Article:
Remember, there is danger in overexposure. You lose interest.
IS IT DEAD?
Not exactly. The Ghana film industry is going through a phase. It’s looking for itself. People are looking for the best way to survive. There’s hate, there rancor, there’s jealousy, there’s lies, there is sabotage, there’s fabricating stories to ruin anyone doing well, there’s greed. Till date it baffles me that someone spent time, called studios to ask whether Ties That Bind was a Hollywood film. The sabotage. But, in all of these, there is hope.
Ghanaians abroad are coming home to work from outside in. Ghanaians within are looking for lucrative forms.
I believe if the distribution issue can be solved, things will get much better. Netflix opening up in Africa offered hope, but there seems to a buying bias and some deception. Which is why sales agents will be a way out. Keep your budgets low enough to recoup, remember, the distributors need your content. Don’t settle for 5000 dollars for your brand new film from any of them. Push them. They have more. If filmmakers have to unite and come up with a rate card, so should it be. I know, some will go behind the united front and take the 5000. You always have those.
Here is a link to some film sales agents: http://www.ifta-online.org/member-directory. Reach out to them.
You can’t close this out without talking about piracy. The youth own computers not for their assignments, but for pirating films. They own hard drives for storing pirated films. The internet is for torrent, facebook, etc. TV stations show pirated films with impunity. No one holds anyone accountable. You can’t ask filmmakers to make better films when in the end you will not buy but pirate the film.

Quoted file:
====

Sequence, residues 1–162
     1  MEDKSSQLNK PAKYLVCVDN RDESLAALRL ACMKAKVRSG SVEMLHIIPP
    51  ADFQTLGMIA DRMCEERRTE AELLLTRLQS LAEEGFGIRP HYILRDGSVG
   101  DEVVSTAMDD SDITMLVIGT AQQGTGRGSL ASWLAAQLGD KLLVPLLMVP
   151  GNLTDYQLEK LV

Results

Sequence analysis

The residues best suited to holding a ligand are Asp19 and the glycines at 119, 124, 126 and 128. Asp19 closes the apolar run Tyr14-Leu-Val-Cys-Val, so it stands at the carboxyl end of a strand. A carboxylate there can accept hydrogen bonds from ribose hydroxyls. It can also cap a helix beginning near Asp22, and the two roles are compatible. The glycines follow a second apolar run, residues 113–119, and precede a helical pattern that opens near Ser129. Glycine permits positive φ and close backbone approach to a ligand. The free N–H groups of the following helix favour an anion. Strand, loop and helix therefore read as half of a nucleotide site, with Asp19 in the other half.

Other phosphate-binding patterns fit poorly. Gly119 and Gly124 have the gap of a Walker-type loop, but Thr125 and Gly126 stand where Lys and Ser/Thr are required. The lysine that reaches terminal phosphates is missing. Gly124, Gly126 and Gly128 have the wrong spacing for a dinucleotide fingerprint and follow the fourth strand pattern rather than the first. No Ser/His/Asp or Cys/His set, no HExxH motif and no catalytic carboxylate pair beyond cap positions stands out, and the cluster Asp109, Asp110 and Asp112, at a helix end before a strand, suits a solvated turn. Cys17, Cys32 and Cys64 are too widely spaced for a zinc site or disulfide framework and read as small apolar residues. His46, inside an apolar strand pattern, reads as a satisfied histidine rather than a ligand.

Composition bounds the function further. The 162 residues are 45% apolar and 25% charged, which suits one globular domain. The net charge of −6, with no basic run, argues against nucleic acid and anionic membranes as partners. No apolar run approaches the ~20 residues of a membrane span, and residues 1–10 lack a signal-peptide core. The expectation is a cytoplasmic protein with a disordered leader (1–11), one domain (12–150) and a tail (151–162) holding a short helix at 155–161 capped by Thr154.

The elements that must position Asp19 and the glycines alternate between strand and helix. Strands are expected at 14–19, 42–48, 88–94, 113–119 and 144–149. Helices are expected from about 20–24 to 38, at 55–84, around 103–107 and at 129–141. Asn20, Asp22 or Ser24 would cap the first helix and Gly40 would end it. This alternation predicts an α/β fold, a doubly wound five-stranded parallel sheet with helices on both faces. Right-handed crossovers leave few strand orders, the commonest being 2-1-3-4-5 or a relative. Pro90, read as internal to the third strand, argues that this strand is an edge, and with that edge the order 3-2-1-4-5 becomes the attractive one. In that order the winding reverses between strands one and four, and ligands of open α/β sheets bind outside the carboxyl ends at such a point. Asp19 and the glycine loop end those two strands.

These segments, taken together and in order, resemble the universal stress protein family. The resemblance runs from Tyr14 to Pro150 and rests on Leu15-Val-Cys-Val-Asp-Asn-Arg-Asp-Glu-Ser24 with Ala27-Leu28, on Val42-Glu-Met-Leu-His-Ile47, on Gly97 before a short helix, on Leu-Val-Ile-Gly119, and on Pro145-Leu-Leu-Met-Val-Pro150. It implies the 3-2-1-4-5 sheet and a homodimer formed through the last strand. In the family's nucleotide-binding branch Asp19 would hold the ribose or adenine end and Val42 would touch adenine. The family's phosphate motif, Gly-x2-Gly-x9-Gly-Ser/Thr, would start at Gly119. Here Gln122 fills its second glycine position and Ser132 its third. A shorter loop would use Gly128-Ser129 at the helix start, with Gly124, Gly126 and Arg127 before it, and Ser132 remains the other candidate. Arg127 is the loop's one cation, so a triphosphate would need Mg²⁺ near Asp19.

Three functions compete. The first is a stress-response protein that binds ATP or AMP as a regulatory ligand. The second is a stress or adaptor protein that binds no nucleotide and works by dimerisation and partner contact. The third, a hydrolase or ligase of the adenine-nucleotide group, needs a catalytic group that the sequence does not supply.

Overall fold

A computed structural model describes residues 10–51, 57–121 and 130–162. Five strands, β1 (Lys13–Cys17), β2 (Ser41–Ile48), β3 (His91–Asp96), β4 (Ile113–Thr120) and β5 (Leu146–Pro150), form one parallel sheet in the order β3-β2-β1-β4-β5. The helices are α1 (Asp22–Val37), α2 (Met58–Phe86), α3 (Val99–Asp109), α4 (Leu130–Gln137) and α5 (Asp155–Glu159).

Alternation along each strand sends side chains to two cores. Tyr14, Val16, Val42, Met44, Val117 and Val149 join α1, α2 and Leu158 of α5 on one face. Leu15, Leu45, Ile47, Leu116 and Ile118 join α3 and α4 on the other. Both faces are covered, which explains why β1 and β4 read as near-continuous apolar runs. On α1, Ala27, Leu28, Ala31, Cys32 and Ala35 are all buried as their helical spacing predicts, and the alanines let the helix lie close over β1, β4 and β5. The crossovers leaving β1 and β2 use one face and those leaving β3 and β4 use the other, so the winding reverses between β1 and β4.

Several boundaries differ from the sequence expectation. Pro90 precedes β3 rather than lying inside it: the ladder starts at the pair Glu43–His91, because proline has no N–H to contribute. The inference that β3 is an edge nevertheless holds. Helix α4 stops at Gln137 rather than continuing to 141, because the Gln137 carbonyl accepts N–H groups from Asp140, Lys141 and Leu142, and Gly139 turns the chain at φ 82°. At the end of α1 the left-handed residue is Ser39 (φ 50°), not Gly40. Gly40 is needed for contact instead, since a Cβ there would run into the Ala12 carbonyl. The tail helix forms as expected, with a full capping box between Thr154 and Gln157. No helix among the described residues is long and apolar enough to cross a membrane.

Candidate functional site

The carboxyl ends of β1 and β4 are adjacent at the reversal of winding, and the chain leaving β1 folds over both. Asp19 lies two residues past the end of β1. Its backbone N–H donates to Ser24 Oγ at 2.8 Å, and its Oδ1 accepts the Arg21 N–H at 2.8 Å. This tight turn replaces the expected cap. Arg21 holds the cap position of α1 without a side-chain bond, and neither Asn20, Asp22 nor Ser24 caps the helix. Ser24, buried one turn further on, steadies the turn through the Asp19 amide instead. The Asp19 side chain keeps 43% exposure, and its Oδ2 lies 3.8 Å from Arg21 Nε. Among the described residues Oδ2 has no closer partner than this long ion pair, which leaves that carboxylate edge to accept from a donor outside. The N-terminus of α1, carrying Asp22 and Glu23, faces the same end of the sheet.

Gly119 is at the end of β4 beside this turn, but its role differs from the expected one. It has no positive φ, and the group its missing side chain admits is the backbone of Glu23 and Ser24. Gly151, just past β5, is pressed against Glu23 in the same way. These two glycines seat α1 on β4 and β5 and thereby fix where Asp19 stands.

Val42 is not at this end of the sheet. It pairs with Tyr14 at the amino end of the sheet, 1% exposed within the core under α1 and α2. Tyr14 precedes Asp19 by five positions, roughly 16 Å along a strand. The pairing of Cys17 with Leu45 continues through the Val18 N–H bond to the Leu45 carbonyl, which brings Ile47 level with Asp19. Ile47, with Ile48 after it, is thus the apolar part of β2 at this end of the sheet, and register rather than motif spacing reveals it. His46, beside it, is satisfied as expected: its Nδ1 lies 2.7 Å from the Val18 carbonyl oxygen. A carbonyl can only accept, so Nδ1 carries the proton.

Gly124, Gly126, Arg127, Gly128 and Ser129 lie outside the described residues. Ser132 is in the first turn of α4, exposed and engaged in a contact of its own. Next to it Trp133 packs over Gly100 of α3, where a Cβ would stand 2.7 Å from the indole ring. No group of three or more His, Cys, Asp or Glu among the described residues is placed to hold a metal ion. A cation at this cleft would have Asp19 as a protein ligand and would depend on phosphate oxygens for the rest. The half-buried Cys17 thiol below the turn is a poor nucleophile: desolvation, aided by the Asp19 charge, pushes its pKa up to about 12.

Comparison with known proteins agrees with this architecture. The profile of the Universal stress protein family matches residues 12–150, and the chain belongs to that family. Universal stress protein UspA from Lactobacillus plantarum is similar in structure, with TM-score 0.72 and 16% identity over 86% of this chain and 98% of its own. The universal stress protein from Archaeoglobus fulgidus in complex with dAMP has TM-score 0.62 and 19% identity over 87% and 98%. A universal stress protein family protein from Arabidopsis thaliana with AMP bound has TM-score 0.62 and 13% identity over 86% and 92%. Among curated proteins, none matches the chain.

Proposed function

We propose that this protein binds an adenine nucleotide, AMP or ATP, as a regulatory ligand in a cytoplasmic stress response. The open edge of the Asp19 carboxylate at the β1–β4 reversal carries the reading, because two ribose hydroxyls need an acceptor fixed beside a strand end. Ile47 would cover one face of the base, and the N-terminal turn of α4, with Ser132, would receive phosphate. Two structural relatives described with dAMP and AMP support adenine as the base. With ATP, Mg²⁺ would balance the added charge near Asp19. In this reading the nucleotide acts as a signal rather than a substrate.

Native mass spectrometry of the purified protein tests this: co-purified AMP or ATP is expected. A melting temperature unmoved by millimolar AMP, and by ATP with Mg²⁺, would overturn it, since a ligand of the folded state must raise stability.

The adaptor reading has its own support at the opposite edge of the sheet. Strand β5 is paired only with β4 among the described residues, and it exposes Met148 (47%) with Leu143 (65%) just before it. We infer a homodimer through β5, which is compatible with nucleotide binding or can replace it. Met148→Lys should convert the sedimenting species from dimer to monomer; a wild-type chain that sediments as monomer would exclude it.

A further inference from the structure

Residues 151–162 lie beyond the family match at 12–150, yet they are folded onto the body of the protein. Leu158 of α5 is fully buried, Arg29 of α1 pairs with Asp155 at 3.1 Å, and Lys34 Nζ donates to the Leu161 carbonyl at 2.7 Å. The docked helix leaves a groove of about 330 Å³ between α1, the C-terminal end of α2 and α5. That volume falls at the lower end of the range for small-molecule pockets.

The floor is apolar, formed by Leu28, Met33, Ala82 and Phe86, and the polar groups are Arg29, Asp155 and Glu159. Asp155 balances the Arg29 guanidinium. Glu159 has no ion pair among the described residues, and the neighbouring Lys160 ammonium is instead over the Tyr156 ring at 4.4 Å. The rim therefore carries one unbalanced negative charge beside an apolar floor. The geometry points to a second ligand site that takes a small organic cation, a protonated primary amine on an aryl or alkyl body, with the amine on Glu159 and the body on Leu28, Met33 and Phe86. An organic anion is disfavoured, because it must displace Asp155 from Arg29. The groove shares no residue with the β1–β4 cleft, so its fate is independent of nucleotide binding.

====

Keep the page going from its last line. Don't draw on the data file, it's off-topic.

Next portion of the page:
You can’t ask for films about Kwame Nkrumah and Yaa Asantwaa when you will not buy but rather pirate.
Then you have the “Ghana films lack creativity” people. What does that phrase even mean? If I paint rainbow colors on my nails, that’s being creative. You can never, ever accuse Ghanaian filmmakers of that. Ghana has been making films since 1967. Ghanaian filmmakers have been creating since that time.
If you mean the films are not ‘good”. That’s a better word, and your opinion. Good is relative. If we continue to lump all films as one and brand them as not good, we’ll have the lemon problem.
So much goes into making good films. It’s teamwork. You need financial resources, human resources, and emotional resources. What the industry needs for making good films is training and watching good films. Our francophone neighbors make the best films out of Africa. Those are the type of films we need to consume.
Above all, art is life, if your motives are not right, it will not breathe for you. Your motives behind the story you’re telling need to be pure. It should not be abut the money and the praise you stand to gain. Tell an honest story. The crew needs to be committed to the project, not jump on because it’s a red camera. Respect the project and it will reciprocate.
The industry is not dead. It needs reform. It needs people like Yvonne Nelson and Juliet Ibrahim talking and engaging folks on twitter. It needs a lot more people talking, because I kid you not, we are all listening!